Rick Santorum riles the Dutch

February 25, 2012

Amsterdam's Sint Lucas Andreas Ziekenhuis. Source: Wikipedia

Republican presidential candidate, Rick Santorum, who has been known to garner a fair bit of criticism from liberals, pro-choice groups and moderates, has now apparently riled the otherwise docile Dutch citizenry.

I had several occasions to visit the Sint Lucas Andreas Ziekenhuis hospital in the western part of Amsterdam while I attended graduate school at the Universiteit van Amsterdam in 2008.

I found the hospital to be exceptionally well run and very efficient. They offered the usual amenities, a fully stocked café, and other niceties that one would find at a typical Dutch hospital.

I was perplexed after listening to excerpts of Rick Santorum’s appearance at the American Heartland Forum with James Dobson, a leading American evangelical leader, where Santorum claimed that the Dutch practice involuntary euthanasia.

During two of my visits to the Sint Lucas Andreas Ziekenhuis I had the misfortune of getting lost within the hospital and wandered about before I found an exit. During my strolls through the hospital’s hallways, I did not make note of the euthanasia clinics.

Maybe they might have been hidden in the basement per a horror movie plot.

But I digress, back to Rick Santorum.

In particular, during his appearance with James Dobson, Mr. Santorum had this to say, “They have voluntary euthanasia in the Netherlands, but half the people who are euthanized every year, and it’s 10 percent of all deaths, half of those people are euthanized involuntarily in hospitals, because they are older and sick.”

“So elderly people in the Netherlands don’t go to the hospital. They go to another country. Because they’re afraid because of budget purposes they will not come out of that hospital if they go in with sickness,” Santorum said.

Mr. Santorum went on to suggest, that much like rock concerts and wearing bracelets if you’re old enough to drink a beer, elderly Dutch patients wear bracelets with the words, “Don’t euthanize me.”

The overriding question than is where did Rick Santorum get his data or rather his incorrect data about euthanasia in the Netherlands?

A recent article by The Boston Globe states, “Most likely, Santorum’s data came from a summary of a 1991 government report referred to as the Remmelink report. That report found that in 1990, 9.1 percent of deaths in Holland were caused intentionally by doctors, according to a widely-distributed summary by the Patients Rights Council, an Ohio-based organization that opposes euthanasia…Of those, the majority were involuntary, meaning they were done without the patient’s knowledge or consent. But other medical studies from 1990 found that euthanasia accounted for around 2 percent of deaths in Holland.”

Further, while Santorum specifically cited that only the elderly are euthanized in Dutch hospitals, 38 percent of all patients who are euthanized are under the age of 65. Importantly, physician-assisted suicide and euthanasia in the Netherlands is a recent practice having been made legal in 2002.

A 2007 study by The New England Journal of Medicine found, “The Dutch Euthanasia Act was followed by a modest decrease in the rates of euthanasia and physician-assisted suicide. The decrease may have resulted from the increased application of other end-of-life care interventions, such as palliative sedation.”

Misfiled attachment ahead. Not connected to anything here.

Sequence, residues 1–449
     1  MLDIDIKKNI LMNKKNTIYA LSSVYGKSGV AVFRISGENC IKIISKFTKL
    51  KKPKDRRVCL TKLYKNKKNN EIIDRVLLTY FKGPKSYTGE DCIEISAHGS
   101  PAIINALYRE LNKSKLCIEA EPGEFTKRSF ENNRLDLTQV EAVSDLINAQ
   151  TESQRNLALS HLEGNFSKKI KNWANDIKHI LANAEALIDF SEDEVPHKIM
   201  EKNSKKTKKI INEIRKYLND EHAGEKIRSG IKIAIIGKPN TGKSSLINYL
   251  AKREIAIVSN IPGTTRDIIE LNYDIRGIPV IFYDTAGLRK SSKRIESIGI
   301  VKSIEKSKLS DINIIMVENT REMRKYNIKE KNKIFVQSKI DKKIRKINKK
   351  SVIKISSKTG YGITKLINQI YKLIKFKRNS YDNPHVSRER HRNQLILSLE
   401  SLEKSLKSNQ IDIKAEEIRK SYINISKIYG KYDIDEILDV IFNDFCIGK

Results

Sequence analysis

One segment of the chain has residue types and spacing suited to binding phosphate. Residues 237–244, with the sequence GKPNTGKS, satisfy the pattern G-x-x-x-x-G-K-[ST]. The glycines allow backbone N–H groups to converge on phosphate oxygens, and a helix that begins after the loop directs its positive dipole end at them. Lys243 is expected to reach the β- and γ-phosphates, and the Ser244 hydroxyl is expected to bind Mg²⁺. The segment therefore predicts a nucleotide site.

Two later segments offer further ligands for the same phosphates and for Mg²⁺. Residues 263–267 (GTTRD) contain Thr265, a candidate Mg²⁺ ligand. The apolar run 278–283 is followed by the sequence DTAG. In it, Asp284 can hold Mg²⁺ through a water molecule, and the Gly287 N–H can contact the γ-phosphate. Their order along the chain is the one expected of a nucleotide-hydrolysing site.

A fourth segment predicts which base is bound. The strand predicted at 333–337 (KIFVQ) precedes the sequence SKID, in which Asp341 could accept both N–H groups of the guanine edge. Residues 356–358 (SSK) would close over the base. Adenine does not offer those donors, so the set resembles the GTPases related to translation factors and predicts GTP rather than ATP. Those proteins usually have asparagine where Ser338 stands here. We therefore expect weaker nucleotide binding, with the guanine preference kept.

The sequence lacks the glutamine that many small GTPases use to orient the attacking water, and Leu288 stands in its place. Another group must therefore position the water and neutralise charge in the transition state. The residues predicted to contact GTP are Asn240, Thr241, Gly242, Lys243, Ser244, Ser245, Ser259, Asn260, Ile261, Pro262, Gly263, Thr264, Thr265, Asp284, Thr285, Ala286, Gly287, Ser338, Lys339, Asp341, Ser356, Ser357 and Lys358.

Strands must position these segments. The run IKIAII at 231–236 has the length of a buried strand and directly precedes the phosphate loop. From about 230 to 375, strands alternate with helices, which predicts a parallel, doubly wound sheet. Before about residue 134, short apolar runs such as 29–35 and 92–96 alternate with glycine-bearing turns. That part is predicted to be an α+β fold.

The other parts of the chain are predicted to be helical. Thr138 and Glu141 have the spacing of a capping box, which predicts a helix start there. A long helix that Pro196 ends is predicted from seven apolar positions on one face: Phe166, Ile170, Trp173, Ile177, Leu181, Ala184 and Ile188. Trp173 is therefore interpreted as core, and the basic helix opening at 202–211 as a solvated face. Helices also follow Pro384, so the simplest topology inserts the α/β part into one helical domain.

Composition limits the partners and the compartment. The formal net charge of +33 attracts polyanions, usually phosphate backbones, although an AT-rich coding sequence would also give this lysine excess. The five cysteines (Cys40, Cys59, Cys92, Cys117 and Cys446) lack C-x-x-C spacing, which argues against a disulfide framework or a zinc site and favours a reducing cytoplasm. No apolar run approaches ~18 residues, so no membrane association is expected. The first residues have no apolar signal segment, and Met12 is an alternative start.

As one would expect, the Dutch who are well known for their Red Light District in Amsterdam, somewhat liberal drug laws, umpteenth canals, picturesque dams and dykes to stave off flooding from the North Sea and snowmelts in Germany, and the Anne Frank House, were noticeably perturbed by Rick Santorum’s comments about euthanasia in the Netherlands.

Perhaps hoping that Santorum would be hoisted by his own petard, the government has thus far refrained from wading into the controversy. This silence on the part of the government has been noticeable and Frans Timmermans, a member of the Dutch Parliament, has insisted that Foreign Minister, Uri Rosenthal, publicly denounce Mr. Santorum and his suggestions.

Frans Timmermans posted the following statement on his Facebook page: “The ambassador gave ‘no comment’ on Santorum’s scandalous accusations aimed at our country. How is that possible?” Upon noting that Mr. Rosenthal should make a statement in public, Mr. Timmermans concluded, “This cannot be allowed to rest.”

For its part, the government, through the Dutch Embassy in Washington, DC has released an assortment of facts disproving Santorum’s claims.

The fact that Mr. Santorum made the comments in a conservative setting like the American Heartland Forum should come as no surprise to those following the Republican primaries. Mr. Santorum has seen his lead slip in Michigan and the Republican Party’s presumed front-runner, Mitt Romney, has widened his lead in Arizona ahead of the primaries in both states next Tuesday.

Santorum is widely viewed as the standard bearer for social conservatives. He has made it his practice to make controversial statements both while serving as a U.S. Senator and since a pro-life Democrat defeated him in 2006.

While the uproar over Santorum’s statement will unlikely affect U.S.-Dutch relations on any noticeable level, this episode is likely to cause Santorum and his surrogates a headache as they try to back up claims that a modern European country kills 5 percent of its citizens because its cheaper than treating them.

Tags: , , , , , , , , , , ,